Since the Xiongan New Area will be an area to pool non-capital functions of Beijing, what are the industries and functions that will be distributed to the area?

Beijing is a place where most of the high-end industries, emerging industries, innovative factors and resources gather together. Technology hubs like Zhongguancun represents China’s highest level of innovation, embracing the best innovation resources. All of these results are to be transferred to surrounding areas. Therefore, Xiongan will develop into a demonstration area for innovative development. Also, priority will be given to ecological development, people’s livelihood, traditional culture and open, coordinated development. In detail, the area has key tasks including constructing green, smart town infrastructure, creating a beautiful ecological environment, developing high-end industries and cultivating new kinetic energy, providing high quality public services, building a convenient and green transportation network, pushing institutional mechanism reforms and motivating market vitality, establishing a new platform for opening up international cooperation.

Beijing’s overcrowding makes it barely possible to provide more space for industries. With the rise of Xiongan, Beijing will be able to activate its functions, forming a coordinated innovative community between Beijing, Tianjin and Hebei, establishing and perfecting a regional innovation system, and integrating innovation resources to bridge the development gap, connect industrial chains and regroup regional resources.

The history of China’s industries has experienced three phases: the first phase is 1979-1999 when light industries and textile industries were booming; the second phase is 2000-2012, which marked the development of heavy chemical industries and equipment manufacturing industries; and the third phase lies in future development—innovation. Hence, to become the innovation centre of China or even of the world is now the “big goal” of Xiongan.

Three Conjectures on “Xiongan 2.0”

“Xiongan 1.0” is now starting to surface—the establishment of Xiongan: demolition and relocation, infrastructure construction, real estate investment, and migrating public institutions. But what will “Xiongan 2.0” be like? We suspect that Xiongan 2.0 might be divided into three aspects: alleviation of the crowding out of real economy by real estate, changes in household registration system’s distortion of human capital allocation and corporate tax pressure reduction.

Follow Singapore in Real Esate—Public Rental Housing System

It seems that Xiongan New Area might transcend the period of land finance to becoming a special zone of real estate policy. It will carry out a new real estate trial implementation, commercial housing will not be allowed to be built in the New Area. The construction model will be centred on public rental housing and low-rent housing. Fixed residential land will not be available and indigenous residents will be evacuated to other regions. No residential buildings will be approved to be established in the New Area.

The status quo in Xiongan shows that it is already starting to follow Singapore’s model — halting housing construction approvals, suspension of home sales and exercising purchase restrictions. The features of this model is government being the main body of supplying affordable housing, responsible for the construction, organisation and management of the affordable housing. By fully mobilising resources, the government will be able to solve housing problems for most of the residents.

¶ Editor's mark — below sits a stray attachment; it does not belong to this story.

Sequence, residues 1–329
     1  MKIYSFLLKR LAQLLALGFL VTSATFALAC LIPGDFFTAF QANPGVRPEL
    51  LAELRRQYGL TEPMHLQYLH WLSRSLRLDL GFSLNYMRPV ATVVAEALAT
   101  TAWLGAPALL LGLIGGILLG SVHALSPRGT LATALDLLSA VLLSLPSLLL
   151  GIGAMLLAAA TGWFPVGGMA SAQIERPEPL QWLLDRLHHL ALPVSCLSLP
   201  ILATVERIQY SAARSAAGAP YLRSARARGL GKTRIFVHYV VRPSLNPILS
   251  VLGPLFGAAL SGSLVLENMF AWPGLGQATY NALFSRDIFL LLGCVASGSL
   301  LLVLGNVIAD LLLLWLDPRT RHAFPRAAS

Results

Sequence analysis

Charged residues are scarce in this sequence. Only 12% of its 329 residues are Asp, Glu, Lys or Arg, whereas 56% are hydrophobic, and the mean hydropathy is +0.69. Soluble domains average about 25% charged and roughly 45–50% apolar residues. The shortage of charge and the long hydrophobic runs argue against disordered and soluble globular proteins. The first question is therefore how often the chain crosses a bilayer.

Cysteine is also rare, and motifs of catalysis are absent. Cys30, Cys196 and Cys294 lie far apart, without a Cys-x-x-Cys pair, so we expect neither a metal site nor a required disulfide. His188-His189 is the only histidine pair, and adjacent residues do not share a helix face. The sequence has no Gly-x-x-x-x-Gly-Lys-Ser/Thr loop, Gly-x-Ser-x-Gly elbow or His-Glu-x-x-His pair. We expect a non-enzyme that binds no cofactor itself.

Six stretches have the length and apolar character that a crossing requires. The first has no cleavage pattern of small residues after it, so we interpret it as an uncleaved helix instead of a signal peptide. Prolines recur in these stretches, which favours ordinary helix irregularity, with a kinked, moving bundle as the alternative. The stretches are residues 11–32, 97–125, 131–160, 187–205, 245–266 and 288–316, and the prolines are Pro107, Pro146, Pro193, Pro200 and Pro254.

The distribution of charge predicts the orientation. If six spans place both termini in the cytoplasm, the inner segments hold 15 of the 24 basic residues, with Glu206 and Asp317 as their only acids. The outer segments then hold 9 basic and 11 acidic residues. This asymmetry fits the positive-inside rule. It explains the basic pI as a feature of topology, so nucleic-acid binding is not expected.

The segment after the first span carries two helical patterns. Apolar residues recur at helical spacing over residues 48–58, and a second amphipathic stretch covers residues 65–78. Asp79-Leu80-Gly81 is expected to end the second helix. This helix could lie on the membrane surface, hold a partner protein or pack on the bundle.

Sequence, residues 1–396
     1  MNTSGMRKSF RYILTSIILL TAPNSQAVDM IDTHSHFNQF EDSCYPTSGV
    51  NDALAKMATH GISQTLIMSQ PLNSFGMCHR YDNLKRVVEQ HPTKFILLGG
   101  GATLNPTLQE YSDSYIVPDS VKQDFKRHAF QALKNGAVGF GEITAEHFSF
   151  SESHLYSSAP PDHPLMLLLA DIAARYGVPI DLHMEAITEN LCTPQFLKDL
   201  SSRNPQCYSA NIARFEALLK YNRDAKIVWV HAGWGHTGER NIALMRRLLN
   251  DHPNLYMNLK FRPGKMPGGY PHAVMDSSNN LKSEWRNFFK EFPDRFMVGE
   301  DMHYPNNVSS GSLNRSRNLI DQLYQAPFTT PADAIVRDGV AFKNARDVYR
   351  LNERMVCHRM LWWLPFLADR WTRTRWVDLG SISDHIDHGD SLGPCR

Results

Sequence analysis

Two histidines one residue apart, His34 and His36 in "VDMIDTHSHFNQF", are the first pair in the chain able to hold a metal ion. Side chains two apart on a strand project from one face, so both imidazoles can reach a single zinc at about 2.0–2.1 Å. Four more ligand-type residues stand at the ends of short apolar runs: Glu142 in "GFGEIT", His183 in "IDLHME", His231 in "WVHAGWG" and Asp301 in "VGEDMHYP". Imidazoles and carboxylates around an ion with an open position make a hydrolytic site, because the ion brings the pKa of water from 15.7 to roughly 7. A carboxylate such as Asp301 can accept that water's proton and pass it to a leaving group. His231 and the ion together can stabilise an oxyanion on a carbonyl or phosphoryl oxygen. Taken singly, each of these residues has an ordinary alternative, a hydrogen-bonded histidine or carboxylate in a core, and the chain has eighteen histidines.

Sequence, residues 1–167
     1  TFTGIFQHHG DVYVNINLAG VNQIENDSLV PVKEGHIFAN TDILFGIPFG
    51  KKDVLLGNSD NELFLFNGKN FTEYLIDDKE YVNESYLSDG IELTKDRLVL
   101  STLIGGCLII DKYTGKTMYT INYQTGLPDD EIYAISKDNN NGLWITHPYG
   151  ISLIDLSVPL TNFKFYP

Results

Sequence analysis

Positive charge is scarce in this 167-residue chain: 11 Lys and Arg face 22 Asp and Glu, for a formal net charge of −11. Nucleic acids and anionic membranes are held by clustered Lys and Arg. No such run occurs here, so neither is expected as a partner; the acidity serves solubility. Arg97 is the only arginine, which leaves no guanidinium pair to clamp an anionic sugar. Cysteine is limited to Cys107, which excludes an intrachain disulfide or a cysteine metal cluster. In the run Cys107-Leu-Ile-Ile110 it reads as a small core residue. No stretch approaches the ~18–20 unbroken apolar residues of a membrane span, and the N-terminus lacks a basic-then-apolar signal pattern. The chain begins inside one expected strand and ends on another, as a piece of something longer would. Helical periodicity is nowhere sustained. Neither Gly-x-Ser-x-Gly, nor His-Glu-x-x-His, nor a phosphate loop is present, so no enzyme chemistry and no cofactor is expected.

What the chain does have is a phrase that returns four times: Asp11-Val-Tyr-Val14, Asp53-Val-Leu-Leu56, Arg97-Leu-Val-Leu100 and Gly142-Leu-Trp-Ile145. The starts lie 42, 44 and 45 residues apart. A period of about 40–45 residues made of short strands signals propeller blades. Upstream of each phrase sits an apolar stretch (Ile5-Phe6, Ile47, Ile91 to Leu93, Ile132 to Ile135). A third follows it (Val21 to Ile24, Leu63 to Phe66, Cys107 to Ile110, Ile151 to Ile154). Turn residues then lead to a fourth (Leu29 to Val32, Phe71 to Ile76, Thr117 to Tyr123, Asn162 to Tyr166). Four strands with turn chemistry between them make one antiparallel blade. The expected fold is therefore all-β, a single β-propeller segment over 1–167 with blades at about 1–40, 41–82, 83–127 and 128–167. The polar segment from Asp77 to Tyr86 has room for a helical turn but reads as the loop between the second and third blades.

If Xiongan followed in the footsteps of the Singapore model, its real estate planning might firstly focus on building an independent specialised construction and operation agency for affordable housing. This agency will represent the government to establish public rental housing, accountable for not only the overall planning, design and construction, but the management and operation of the largest real estate. Meanwhile, the original public housing will be withdrawn and reconstructed to create market for public rental housing, leaving no space for commercial housing.

Follow the United States in Household Registration System—Citizenship

The essence of registered permanent residence is having priority over using urban resources. The more intense the resource competition is, the more values are added to registered permanent residence in a certain region. Limited supply of household registration in large cities can cause inefficiency in distribution of human capital, leading to distortion and limited free mobility of human capital.

In order to change the distortion of human capital, the government needs to strengthen supply of urban resources, lower the magnitude of imbalance in urban resources distribution. From the aspect of urban resources investment, we assume instead of setting up household registration, Xiongan might use this residence permit system to allocate human resources.

Follow Shanghai and Shenzhen in Tax Revenue—Combination of Exemptions and Subsidies

Thanks to the preferential tax policies in the early years of development, Shenzhen and Pudong were able to widen their tax bases for future development. If Xiongan wanted to transcend land finance and alleviate burdens on corporations, tax concessions and government subsidies in the early age might be necessary.

First the government needs to encourage migration of corporations by using tax sharing tools as corporations still get to share the revenue by the time they emigrate from Xiongan, which is beneficial for accelerating the migration of industries into Hebei province.

Then it is the implementation of preferential tax policy on technology companies and small and medium enterprises. Xiongan’s future plan aims at founding high-tech industry park. There will be exemptions on corporate income tax and reductions on rental housing for technology firms, according to some recent documents. For other enterprises, the government will use the experiences of Shanghai Free Trade Zone to reduce corporate income tax rate for eligible enterprises, while increasing subsidies for small and medium enterprises as well as start-ups.